Mark, the lack of a full Cabinet. Big deal or life goes on?

MARK PRESTON, CNN POLITICS EXECUTIVE DIRECTOR: I mean, look, life is going to go on. I mean, we're going to sit here and talk about how slow it's been for him to name people. He just named his Ag secretary. Just nominated him the other day. More importantly, though, than the folks that are going to assume these senior positions is these junior positions, these undersecretary positions. These are the folks who are actually run the government and he hasn't named any of them.

In fact -- and this does happen. He has asked several high ranking key Obama officials to stay on for the transition. You know, that is common. The question is how long are they going to have to stay on because right now there doesn't seem to be anyone back filming and coming in to assume these new roles.

CUOMO: Kevin Brady, Republican, Texas, House Ways and Means, he was on the show and he said we're getting after repeal and replace right away. When pressed, he said we're confident we can do it, we can do it the right way, and then he talked about portability of plans. That's an issue but it's not the issue when it comes to what's most expensive and what's most important in that plan.

MAGGIE HABERMAN, CNN POLITICAL ANALYST: No, I think that's right. I think that -- I think at the moment before we get to that phase we don't actually know what versions of a plan that we are even talking about. There is not harmony between what some in Congress are talking about, Trump in an interview with the "Washington Post," insisted that he was very close to his own plan, aides seemed to walk that back pretty quickly. What he described was health care for everybody. That is -- that doesn't like much than Obamacare, right? And then its goal. So I think we're going to have to wait and see.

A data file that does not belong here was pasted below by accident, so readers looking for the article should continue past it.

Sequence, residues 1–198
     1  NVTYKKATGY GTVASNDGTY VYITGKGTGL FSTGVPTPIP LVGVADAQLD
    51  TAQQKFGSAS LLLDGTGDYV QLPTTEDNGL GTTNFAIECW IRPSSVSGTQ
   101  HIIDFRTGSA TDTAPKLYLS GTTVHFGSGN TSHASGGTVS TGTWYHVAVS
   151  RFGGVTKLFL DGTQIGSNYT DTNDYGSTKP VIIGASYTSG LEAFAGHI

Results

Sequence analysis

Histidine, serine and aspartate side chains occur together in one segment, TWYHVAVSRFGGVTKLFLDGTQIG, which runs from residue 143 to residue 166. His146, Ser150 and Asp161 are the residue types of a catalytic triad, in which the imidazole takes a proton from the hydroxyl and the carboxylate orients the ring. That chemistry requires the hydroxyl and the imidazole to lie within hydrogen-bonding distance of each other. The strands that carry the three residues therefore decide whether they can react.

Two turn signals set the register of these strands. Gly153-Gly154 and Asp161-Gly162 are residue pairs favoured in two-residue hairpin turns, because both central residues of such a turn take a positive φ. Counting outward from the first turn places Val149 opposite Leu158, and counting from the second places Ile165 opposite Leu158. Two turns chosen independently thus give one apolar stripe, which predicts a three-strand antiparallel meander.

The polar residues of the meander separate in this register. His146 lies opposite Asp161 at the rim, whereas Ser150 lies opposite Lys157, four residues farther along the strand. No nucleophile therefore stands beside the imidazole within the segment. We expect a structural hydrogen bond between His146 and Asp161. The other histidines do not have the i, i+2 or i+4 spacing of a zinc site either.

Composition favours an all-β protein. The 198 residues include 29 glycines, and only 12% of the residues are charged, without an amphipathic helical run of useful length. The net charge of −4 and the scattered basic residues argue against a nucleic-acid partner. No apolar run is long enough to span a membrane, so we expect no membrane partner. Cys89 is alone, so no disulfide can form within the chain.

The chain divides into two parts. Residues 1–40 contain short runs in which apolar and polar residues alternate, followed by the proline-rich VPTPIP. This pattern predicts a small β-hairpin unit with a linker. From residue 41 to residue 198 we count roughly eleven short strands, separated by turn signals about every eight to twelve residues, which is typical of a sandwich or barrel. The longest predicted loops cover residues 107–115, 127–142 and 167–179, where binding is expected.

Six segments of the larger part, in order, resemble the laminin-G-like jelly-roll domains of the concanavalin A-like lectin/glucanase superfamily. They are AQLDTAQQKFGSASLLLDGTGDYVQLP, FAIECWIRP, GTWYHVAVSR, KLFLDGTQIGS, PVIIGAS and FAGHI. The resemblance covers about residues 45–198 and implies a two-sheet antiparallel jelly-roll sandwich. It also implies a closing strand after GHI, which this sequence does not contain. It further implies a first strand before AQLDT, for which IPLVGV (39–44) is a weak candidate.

I do think, to Mark's point, about how the government functions going forward, there is sort of this permanent bureaucracy that it's not going to carry out Trump's vision on policy without guidance from these undersecretaries and deputy secretaries. Some domestic agencies like the Department of Justice it sounds like that's gone fairly well, but you also have a sitting senator taking over. It is places like State Department, you know, minor agency like that, where you have Rex Tillerson who is new to this world, does not have a ton of people, have people who have not wanted to take the job, or he is not equipped with.

The same has been true for General Mattis at the Department of Defense, and so -- and there's a similar issue at Department of Homeland Security. So I think that this is going to be a tense couple of weeks as he gets off that.

CAMEROTA: I mean, look, they are not part of the Washington machineries, these folks. They are not enmeshed inside the beltway. People like that about them.

CUOMO: Right.

CAMEROTA: His supporters. So doesn't he get a grace period for putting all of these people in place?

DAVID GREGORY, CNN POLITICAL ANALYST: Probably more from a lot of the public than from official Washington. And I think again we have to really bear that in mind. How many Americans are celebrating the disruptive nature of Donald Trump today both in Washington and around the country.

The opposition to Trump I think is starting to solidify. It's very vocal. It occupies a lot of media centers. And I think it's striking from Senator Schumer. I think that the Democratic left has actually decided to really go hard resistance. I think they're going to oppose these nominations. I think it is going to be on Trump to try to confuse his opposition to give them no choice but to cooperate with him on infrastructure, tax reform, other issues. That's going to be his opportunity.

Look at all of these members of Congress who are not showing up today. Why? Because they are in districts who viewed Trump as illegitimate. Now that may be unfair, may be wrong on the face of it. but there's enough energy out there for Democrats to say you know what, let's dig in, let's start fighting the midterms today on inauguration day.